Introduction to Geography and Economic Geography

Topics: Cardinal direction, Geography Pages: 30 (1177 words) Published: August 20, 2015

Origin of the Discipline

Three Fundamental Questions


Two Dimensioned Researches

System of Geography

Four Schools of Research

Origin of the Discipline

Geography (English)

was first coined by Eratosthenes (270 – 192
B.C), a Greek scientist/geographer, chief
librarian of the Alexanria Library

Geō = Earth
Graphia = Description

Concept of Geography

The studies of the phenomena,
processes and patterns of natural
environment and the spatial
organization of human life as a

3 Fundamental Questions

Where?: Where did/are the phenomenon, processes,
patterns happened/happening?


Why there?: Why did/are they happened/happening
there? (not at a different/other place?)


How?: How are they in the relationships to those at
other places, and affect or are affected by human life
and natural environment?
 spatial/geographical thinking

Oaktree Ecosystem

Ecosystem diversity

To answer those questions, we:

Focus in spatial and system analytical

Using concepts, terms, and methods in

Understand things are rationally organized on
earth’s surface

Spatial patterns  understanding how people
live on and shape the earth’s surface

Two Dimensioned Studies

Spatial phenomena: Studies of phenomenon and process of
natural environment, and the spatial patterns which societies organize their activities.


Spatial interaction: Studies of the interactions and relationships between societies and natural environment which create the
unity, diversity and openness of physical and cultural
landscape in the earth.

System of Geography

Basic Geographic





Size and Scale



Spatial Interaction and Analysis


‘Spatial’ always carries the ideas of the ways things are distributed, the movement occur, and the processes operate
over the whole or a part of the surface of the earth.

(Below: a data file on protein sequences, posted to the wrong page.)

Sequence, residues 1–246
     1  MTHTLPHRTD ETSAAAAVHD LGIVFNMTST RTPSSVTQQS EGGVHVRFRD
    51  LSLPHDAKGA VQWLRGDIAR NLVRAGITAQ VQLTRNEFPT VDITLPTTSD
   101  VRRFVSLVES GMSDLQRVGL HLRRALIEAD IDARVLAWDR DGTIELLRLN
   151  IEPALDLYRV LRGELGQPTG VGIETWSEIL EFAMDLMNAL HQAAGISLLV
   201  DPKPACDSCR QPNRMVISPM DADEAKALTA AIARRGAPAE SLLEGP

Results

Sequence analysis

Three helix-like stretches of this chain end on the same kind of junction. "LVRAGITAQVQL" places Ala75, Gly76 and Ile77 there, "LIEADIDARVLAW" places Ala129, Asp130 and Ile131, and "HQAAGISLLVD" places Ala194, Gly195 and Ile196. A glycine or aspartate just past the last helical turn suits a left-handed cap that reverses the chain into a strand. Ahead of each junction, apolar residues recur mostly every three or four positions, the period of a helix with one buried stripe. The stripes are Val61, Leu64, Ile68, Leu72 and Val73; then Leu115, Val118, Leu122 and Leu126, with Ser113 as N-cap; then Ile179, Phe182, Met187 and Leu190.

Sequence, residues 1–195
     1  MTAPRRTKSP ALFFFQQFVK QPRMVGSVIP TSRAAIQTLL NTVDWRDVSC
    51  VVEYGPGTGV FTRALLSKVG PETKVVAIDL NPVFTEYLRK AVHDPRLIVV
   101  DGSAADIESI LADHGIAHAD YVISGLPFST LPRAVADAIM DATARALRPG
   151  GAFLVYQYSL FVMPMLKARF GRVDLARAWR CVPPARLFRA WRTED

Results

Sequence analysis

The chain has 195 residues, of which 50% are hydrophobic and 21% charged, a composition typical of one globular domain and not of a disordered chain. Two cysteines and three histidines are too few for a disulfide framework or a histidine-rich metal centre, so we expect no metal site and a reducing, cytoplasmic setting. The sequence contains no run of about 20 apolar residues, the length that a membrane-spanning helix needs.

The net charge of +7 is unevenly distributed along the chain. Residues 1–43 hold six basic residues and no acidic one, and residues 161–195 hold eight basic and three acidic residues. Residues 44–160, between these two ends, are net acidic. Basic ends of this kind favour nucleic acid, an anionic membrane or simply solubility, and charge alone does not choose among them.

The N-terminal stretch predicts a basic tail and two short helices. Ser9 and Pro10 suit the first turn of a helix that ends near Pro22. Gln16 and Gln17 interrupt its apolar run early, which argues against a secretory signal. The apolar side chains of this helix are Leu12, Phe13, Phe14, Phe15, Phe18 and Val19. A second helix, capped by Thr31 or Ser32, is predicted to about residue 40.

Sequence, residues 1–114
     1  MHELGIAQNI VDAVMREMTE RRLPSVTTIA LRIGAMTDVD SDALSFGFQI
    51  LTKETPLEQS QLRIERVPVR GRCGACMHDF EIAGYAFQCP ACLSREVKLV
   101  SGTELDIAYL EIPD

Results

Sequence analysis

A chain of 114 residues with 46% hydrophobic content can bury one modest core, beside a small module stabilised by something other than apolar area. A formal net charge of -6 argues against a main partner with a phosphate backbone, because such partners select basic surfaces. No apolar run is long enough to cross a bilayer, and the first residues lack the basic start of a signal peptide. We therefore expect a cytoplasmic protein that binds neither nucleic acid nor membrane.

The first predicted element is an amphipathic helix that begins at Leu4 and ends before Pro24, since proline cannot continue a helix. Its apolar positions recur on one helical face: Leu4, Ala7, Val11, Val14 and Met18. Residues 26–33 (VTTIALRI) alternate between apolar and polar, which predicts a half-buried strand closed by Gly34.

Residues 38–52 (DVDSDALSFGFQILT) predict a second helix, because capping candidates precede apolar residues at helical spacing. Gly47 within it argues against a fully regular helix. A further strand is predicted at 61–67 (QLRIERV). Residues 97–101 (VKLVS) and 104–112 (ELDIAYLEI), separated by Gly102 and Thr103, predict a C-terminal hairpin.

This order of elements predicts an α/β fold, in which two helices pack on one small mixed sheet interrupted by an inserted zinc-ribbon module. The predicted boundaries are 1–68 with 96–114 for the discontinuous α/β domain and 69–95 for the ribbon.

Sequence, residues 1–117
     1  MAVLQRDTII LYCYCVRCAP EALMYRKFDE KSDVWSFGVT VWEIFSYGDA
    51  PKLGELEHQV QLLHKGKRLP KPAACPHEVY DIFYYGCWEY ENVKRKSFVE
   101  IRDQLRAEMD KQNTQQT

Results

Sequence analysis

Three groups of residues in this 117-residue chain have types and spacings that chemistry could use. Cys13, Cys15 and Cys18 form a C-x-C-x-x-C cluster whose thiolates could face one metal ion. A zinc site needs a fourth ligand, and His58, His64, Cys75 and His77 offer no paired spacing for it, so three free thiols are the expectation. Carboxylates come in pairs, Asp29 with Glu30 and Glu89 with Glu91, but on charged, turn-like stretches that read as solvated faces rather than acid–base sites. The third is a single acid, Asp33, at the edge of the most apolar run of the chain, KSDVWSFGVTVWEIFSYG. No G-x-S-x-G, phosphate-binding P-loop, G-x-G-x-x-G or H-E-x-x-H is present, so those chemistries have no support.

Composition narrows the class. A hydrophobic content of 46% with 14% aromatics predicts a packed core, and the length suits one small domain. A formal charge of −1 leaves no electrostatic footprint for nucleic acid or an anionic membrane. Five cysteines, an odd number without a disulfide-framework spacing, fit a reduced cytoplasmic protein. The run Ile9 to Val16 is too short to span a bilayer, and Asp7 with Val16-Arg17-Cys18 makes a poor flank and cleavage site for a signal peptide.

Space  ‘Spatial’  forming the concepts:

Geography  spatial science

Places on earth’s surface  spatial behavior of people
 spatial relationship

Behavior + relationship maintained  spatial process


Absolute Location


Relative Location

1. Absolute Location

being unique to each described place

measuring the distance separating places

finding directions between places on the earth’s surface.

One of systems (also called mathematic location): a
positioning system of precise and accepted identification of a place accurately described by reference to its degrees,
minutes and seconds of latitude and longitude.
 Ex:

Vietnam is located at, latitude: 8010’ to 23024’ N

longitude:1020 O9’ to 109030’ E

Other precise and accepted system: survey system on regional level.

Depends any other characteristics, it has:

Legal description of place,

Measuring the distance separating places,

Finding directions between places on the earth’s surface.


Vietnam University: the 6th site, Linh Trung ward, Thu Duc district, HCMC

HCMC International University:

University of Oxford: University Offices, Wellington Square, Oxford OX1 2JD UK

Stanford University: 630 Serra Street, Suite 120, Stanford, CA 94305-6032 723-4291 USA

2. Relative Location

the position of a place in relation to that of other places or activities

It explains spatial interconnection and interdependence

Ex: location of library, cafeteria … to your classroom

In other sense, it tells us that people, things, and places exit in the world physical and cultural characteristics that differ from place to place

Ex: Vietnam is located in the southeastern extremity of the...
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